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growing autoflowers outdoors in canada

When growing outdoors you won’t have to spend much other than with pots and nutrients, but you should remember that when growing outdoors you won’t be able to control the climate and you can suffer from extremely cold or hot climates and this will affect your plants growth. Another disadvantage is that your plants will be visible and the odor can be a problem if you live in a place where cannabis is not legal.

A big issue when growing autoflowering strains is the genetics, even if you do everything perfectly you can still be disappointed with the quality and amount of flowers your plant produces, that is because you need good genetics to have a good harvest. Depending on where you live, a certain type of strain will have a better result than another.

Climate region and your location

Hours of darkness

It is important to understand the life cycle of an autoflowering Cannabis plant, and how they differ from normal photoperiodic cultivars. As the name suggests these strains will begin to flower automatically thanks to their Ruderalis heritage . Originally found in Siberia, the dwarf-sized, low potency Ruderalis had the ability to grow in a vegetative stage and then flower automatically independent of the light cycle. An incredible trait that autoflowering cannabis strains carry nowadays.

There’s no need to spend too much to protect your plants, a wire fence is fairly cheap and if you want to make a hoop-house it can be easily made with a plastic sheet and plastic tubes, if you want a sturdier one you can build a metal or wood but the structure will be basically the same.

5 Seeds Per Pack

5 seeds Per Pack

5 Seeds Per Pack

Information

5 Seeds Per Pack

6 Seeds Per Pack

5 Seeds Per Pack

5 Seeds Per Pack

Your precious plantation may also be at risk if someone discovers it. Someone may snatch your plants or you may get in trouble for growing. The smaller size of autoflowers already helps reduce the risk of accidental discovery. To further reduce the risk, choose a remote growing spot some distance away from paths and other public places, where it’s unlikely that someone would come around. With autoflowering varieties that are low in odour, you can further mitigate the risk for discovery. When you plant your weed together with companion plants such as herbs, flowers, or vegetables, you not only camouflage your grow and keep it hidden, but also prevent pests from taking hold while improving the surrounding soil.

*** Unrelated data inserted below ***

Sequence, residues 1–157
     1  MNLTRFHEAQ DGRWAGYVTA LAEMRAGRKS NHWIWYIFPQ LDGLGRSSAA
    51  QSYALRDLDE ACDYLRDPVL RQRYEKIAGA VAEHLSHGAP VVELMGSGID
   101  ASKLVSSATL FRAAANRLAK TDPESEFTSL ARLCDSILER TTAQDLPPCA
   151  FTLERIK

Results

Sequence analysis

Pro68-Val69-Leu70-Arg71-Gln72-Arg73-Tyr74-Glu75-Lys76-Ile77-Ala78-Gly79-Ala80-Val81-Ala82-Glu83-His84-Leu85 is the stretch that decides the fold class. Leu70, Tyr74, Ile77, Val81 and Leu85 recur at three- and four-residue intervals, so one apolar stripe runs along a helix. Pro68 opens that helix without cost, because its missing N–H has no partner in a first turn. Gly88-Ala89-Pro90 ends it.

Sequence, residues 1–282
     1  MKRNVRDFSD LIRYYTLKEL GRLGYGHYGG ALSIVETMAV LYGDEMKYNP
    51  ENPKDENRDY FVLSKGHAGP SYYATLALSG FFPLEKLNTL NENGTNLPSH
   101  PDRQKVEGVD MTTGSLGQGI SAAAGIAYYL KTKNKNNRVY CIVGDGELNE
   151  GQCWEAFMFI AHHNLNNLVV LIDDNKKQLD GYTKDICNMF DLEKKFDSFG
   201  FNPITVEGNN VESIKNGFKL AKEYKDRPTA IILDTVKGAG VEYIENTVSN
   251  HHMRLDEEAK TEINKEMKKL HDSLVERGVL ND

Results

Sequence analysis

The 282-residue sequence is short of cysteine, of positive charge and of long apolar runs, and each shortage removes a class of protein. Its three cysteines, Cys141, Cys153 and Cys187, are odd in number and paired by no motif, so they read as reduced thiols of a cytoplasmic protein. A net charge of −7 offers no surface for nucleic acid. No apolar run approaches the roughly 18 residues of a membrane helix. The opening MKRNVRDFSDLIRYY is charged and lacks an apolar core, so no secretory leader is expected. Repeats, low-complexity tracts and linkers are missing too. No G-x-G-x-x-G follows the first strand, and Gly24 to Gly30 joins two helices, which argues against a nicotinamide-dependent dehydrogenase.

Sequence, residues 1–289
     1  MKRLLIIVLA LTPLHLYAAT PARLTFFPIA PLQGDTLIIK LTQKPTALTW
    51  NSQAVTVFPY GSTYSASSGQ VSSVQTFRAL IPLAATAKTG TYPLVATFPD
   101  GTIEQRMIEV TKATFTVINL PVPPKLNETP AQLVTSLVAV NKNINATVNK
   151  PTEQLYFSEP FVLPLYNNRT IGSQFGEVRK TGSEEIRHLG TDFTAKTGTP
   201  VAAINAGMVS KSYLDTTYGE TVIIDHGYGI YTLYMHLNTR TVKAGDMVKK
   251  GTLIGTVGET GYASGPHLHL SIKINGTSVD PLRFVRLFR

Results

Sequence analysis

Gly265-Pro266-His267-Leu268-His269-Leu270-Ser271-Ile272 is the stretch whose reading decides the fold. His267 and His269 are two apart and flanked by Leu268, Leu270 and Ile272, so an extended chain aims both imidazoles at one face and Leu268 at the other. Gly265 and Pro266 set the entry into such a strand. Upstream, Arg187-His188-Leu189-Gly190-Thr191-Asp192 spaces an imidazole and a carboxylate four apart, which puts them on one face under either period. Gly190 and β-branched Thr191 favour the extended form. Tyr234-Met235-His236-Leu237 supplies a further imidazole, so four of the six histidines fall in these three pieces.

The beauty of autoflowers is that they don’t rely on daylight cycles, which means you can plant and harvest autoflowers any time you want. If you live in a climate where there is no frost, such as in the Mediterranean, you can, in principle, grow autoflowers all year round.

Autoflowering cannabis strains are awesome. They grow fast and easy, and they fit pretty much everywhere because of their compact size. Although autoflowers are great for growing indoors, you can make the most of them with some love from Mother Nature outdoors.

ANIMALS TAKING A LIKING TO YOUR CROP

When you’re ready to harvest, swiftly cut the branches with the buds off of your plant, and don’t waste a lot of time drawing unwanted attention. Once you’ve safely brought home your harvest, you can trim the buds further. Alternatively, you can hang the branches with buds still attached for drying.

For instance, if you happen to live in a colder, rainier climate, you may want to choose an autoflowering strain that doesn’t mind cooler temperatures and is also resistant to mould. Even these simple considerations can be enough to help you optimise your grow and avoid disaster.

If you grow outdoors, chances are your crops may also attract the attention of animals such as birds, cats, or deer. If you grow somewhere where cannabis-loving critters are roaming about, you may want to protect your plants with cages made from chicken wire or bamboo stakes.

Photoperiodic cannabis relies on natural daylight hours for its vegetative and flowering stages. You normally plant seeds in late spring where they will veg until late summer when the shorter daylight hours force them into flowering. By the end of summer/early fall, they will be ready for harvest.